Technically, the mayoral election in Baltimore will take place on the first Tuesday in November, but since there’s virtually no chance of a Republic winning the office, the Democrat primary on June 2nd will serve as the de-facto general election. There’s a crowded field of candidates hoping to replace Mayor Jack Young, whose polling has been tanking, and at the moment it looks like there are four candidates who have a shot at winning the nomination in a couple of weeks.
According to a recent poll, the overwhelming priority for voters in the city is reducing the soaring homicide rate, but unfortunately for them, almost all of the leading candidates are offering no more than another helping of the same gun control agenda that has failed to bring down the number of shootings in the city. In fact, since lawmakers in Maryland passed the Firearms Safety Act package of gun control bills in 2014, homicides in Baltimore have soared to record highs. You’d think that the Democrats running for mayor would be calling for all kinds of new gun control laws, but surprisingly, none of the leading candidates have made new gun laws a focus of their campaigns.
Former mayor Sheila Dixon, who was forced to resign after accusations of embezzling money meant for at-risk families, is running for her old seat, and according to recent polls she’s actually one of the favorites to win the nomination, perhaps because she’s the last mayor that can boast about crime in the city going down under her watch. While Dixon’s campaign website does tout failed policies like the city’s “gun offender registry,” Dixon’s focus, at least according to her campaign, is on the city’s most violent offenders, and the former mayor says she wants to work with federal prosecutors to target career criminals.
By working with the federal prosecutors and the State’s Attorney, we must pursue the toughest sentences against our most violent offenders, seeking harsher penalties and longer sentences. All of this can be done consistently and persistently so that we can stop responding only to the latest fatality and begin to proactively refine our system.
Mary Miller, a former Obama administration official, also doesn’t mention any new gun control laws in her platform. Instead, she wants to focus on fixing the Baltimore Police Department, which has been plagued by scandals involving corruption and false charges. And like Dixon, Miller says she wants the Baltimore police to adopt a policy of focused deterrence that targets the city’s most prolific criminals.
One third of the city’s gun violence over the last five years took place in just five percent of Baltimore’s geographic area. Focused deterrence targets high-risk, violent offenders and offers them comprehensive support from law enforcement, social services, and community organizations. This strategy has been effective across the country, most notably in Boston, where it contributed to a 79 percent reduction in violent crime during the 1990s. A version of focused deterrence used to exist in Baltimore and led to a substantial decrease in violent crime—but this strategy requires committed funding and buy-in from city leadership to be effective.
City Council President Brandon Scott says he wants a “holistic approach” to fighting crime in the city, and that includes targeting gun traffickers.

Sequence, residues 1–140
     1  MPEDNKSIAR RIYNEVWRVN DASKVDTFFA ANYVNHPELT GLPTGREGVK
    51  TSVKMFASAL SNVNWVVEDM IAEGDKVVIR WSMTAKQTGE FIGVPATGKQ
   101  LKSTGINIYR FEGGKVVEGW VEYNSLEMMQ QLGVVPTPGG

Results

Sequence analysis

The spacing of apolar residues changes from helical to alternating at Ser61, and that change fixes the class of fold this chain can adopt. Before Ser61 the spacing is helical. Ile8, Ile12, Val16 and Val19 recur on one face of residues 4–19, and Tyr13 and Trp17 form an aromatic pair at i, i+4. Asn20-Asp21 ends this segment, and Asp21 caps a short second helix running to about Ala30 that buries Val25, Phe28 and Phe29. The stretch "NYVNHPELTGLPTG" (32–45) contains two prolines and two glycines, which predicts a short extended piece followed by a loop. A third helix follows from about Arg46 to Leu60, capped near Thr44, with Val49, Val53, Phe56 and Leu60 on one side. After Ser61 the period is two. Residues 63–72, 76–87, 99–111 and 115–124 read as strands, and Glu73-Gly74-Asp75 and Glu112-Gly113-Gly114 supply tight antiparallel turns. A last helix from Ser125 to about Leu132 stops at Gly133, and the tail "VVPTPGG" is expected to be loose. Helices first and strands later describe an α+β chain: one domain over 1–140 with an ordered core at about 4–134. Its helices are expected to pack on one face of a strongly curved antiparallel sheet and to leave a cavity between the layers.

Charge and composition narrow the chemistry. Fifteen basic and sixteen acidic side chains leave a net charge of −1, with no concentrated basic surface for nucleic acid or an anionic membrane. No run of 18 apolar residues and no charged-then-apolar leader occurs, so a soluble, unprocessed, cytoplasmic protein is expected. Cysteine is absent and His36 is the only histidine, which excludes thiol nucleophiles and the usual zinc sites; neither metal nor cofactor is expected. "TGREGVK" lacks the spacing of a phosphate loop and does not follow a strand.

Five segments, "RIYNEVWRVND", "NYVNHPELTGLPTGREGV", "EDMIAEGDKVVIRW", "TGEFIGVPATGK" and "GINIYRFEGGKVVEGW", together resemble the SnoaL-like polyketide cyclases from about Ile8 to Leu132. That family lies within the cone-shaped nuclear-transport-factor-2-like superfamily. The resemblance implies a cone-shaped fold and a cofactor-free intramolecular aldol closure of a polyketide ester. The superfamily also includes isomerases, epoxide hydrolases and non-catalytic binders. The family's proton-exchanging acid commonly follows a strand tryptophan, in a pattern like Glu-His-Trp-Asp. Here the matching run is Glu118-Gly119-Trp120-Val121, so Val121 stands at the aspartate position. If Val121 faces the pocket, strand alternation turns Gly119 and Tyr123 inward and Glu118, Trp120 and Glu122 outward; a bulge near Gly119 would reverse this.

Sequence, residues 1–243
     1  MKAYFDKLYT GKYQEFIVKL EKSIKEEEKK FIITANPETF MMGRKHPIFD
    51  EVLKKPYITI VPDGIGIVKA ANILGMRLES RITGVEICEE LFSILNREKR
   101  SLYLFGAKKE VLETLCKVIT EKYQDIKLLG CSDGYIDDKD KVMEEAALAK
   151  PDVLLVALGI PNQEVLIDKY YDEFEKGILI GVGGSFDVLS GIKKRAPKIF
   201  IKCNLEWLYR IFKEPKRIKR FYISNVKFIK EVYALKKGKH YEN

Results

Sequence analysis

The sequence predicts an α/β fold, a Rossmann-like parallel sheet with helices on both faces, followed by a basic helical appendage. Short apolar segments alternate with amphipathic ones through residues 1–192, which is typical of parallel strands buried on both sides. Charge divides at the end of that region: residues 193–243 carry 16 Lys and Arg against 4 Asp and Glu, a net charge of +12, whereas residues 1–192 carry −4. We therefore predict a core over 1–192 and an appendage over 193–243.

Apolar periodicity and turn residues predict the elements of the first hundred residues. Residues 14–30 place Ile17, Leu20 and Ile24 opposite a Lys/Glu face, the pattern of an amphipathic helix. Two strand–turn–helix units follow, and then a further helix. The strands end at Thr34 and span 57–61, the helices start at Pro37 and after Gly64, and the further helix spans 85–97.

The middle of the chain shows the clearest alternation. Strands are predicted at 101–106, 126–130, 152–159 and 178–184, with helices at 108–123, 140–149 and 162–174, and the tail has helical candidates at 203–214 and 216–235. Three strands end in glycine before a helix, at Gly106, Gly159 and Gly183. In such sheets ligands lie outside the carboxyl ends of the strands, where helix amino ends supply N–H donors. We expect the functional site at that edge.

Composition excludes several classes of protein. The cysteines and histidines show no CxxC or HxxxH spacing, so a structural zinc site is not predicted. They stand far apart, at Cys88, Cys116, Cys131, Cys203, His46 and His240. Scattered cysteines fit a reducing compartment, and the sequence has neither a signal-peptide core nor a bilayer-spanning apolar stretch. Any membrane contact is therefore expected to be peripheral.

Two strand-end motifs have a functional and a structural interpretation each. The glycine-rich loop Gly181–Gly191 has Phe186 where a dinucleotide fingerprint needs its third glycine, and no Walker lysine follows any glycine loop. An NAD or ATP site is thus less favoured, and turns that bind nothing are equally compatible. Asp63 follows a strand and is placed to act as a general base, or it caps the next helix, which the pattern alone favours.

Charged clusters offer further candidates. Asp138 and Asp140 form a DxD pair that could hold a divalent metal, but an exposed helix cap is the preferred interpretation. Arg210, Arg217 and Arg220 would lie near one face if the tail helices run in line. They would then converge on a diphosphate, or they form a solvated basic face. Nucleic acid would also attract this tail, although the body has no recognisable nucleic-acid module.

As Chair of the City Council Public Safety Committee, I led the way for Baltimore to use the “Crime Gun Intelligence Center” model, which provides BPD an opportunity to track illegal guns and ammunition. While this model already exists, it is not being used to its fullest extent. As Mayor, I will increase our commitment to tracking guns and ammunition used in crimes to their origin. I will also foster our relationships with state, regional, and federal law enforcement partners.
Attorney Thiru Vignarajah is a former Deputy Attorney General in Maryland as well as a former federal prosecutor. He’s pledging to reduce homicides in the city to less than 200 per year, which would be a dramatic drop from the recent highs, and his 20-point plan doesn’t mention any new gun control laws. Instead, the former prosecutor wants to expand aerial surveillance, wiretapping of suspected gang and drug leaders, and move school resource officers to street patrols.
We know gun violence is driven by a small number of identifiable repeat offenders, typically members of gangs, who ravage essentially the same neighborhoods year after year. Because of this, dramatically reducing gun violence does not require mass incarceration, zero tolerance, or cash bail. What is needed is relentless focus on the deadliest neighborhoods, deadliest criminals, and deadliest crimes. City Hall has failed to deliver that focus and, as a result, has failed to deliver justice to countless Baltimore families.
I don’t think any of these candidates are strong supporters of the right to keep and bear arms, and virtually none of them express any support on their campaign websites for any sort of pro-Second Amendment message. At the same time, it’s worth noting that none of them are touting traditional gun control laws either. Instead, they’re playing up their support for focused deterrence, ending “mass incarceration,” and other efforts that focus on cleaning up the Baltimore Police Department and targeting the most dangerous criminals in the city. It’s a small step in the right direction for the city, and it’s another indication that even on the Left, there’s a debate about the effectiveness of the traditional gun control model that promises the ability to ban and arrest our way to safety.